The Ring of the Legendary King Minos in the Archaeological Museum of Heraklion; Read its story.
The Ring of Minos is a gold seal ring, dated to be approximately 3500 years old (1500 – 1400 BCE)
This ring is one of the most significant symbols of the Minoan Civilization.
After being found in the late 1920s, it remained lost for 73 years until it was given to the authorities in 2001 and in 2002, a Greek & international committee after careful examination, proved its authenticity.
The story described below is found at the blog of Mr Vasilakis who is a researcher of prehistoric writing and a relative of the child who originally found the ring.
It was 1928, late October or early November, when a young boy named Michalis Papadakis (1918-1974) went to visit his father who was working in a wine yard at Gypsades, in order to bring him food.
His mother had told him after delivering the food to his father, to go and get the goat from another area from his sister’s field.
(Image by kairatos.gr – Vlychia Knossou. The arrow points to where the ring was found and the square to the point where a Minoan Tomb was excavated after a few years)
Indeed young Michalis went to the field (located south of the later-discovered grave-temple), when he saw something sparkling from the sun’s light. On a plant’s thorn, the boy found out something that eventually was a golden ring.
The story starts to get more interesting, because young Michalis on the way to show the ring to his mother met his mother’s friend “Theodora” and after showing her the ring, she thought it was appropriate to share this information with someone who worked at Knossos, who eventually told to Evans.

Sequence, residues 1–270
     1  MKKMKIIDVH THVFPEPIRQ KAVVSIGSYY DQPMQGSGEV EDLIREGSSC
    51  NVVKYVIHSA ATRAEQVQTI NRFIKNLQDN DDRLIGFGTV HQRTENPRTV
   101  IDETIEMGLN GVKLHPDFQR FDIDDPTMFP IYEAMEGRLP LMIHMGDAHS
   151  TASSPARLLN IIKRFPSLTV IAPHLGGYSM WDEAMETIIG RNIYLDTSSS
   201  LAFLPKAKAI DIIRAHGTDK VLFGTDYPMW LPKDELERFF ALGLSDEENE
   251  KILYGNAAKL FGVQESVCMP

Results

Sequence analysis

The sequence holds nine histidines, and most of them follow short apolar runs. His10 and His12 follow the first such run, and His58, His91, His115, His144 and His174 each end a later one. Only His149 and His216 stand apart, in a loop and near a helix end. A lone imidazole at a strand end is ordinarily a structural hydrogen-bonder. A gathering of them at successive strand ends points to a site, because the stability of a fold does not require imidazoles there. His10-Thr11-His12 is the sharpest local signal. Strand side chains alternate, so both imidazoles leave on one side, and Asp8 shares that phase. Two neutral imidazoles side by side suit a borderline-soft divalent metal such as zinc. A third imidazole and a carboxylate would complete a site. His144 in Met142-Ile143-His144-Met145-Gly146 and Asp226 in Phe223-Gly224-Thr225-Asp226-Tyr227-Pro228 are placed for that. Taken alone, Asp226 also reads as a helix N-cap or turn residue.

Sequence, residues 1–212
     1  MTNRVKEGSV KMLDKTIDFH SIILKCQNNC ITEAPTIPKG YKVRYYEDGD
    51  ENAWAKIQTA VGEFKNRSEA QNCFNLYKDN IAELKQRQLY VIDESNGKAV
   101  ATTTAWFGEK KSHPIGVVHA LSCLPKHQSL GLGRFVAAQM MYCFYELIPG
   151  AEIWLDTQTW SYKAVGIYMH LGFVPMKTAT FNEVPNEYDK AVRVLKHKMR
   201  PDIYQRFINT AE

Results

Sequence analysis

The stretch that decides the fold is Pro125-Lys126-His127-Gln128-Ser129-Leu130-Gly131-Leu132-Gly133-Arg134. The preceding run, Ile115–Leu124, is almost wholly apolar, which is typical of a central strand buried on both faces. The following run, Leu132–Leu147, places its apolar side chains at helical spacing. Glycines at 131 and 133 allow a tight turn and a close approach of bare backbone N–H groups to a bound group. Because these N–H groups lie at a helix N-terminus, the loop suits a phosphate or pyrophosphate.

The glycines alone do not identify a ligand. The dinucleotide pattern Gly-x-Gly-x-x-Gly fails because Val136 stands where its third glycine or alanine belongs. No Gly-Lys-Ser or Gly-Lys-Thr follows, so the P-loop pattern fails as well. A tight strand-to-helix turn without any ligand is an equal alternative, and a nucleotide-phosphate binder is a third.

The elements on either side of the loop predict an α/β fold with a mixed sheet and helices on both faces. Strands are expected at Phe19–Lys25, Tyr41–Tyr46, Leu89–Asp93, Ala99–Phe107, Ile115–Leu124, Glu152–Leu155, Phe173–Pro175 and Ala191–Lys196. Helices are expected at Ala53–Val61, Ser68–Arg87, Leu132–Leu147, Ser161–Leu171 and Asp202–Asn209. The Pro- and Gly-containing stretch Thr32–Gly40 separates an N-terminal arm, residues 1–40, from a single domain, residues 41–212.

Evans and people sent by him would go to the house of Michalis to ask for the ring, but his parents for 2.5 years denied its existence.
This the reason Arthur Evans tried to retrieve more information by a priest who was also a friend of the family.
The priest who used to visit the family often, managed to retrieve the info as to where the ring was buried and he asked the mother of Michalis to fetch it, which she did.
During a few minutes that he was left alone with the ring, the priest managed to take the print of it and did his best to
persuade the family to sell it to Evans. Eventually he offered them a significant amount of money and took the ring. The ring had a mark by ‘tsaprazi’(a curved-blade knife with fine teeth), done by the father in order to be able to recognize it.
And the story of the ring continues, as the priest was asking astronomical amounts to sell the ring to Evans. However Evans did not buy it, but managed to make a ‘ring’s shape’ and ordered Gillieron Fils to create a replica.
As per the blog of kairatos.com years later, the priest was arrested with the ring, and it was returned to Heraklion’s Museum. The Archaeologist N. Platon after making a replica of the ring (out of plaster), called the father of the young boy who found the ring, Emmanouil Papadakis who claimed that even though the priests’ ring appeared to be the same it did not have his mark. So the ring was returned to the priest as being considered not authentic.
G. Kazantzis. The person who found the ring and gave back to the state. – source kairatos.com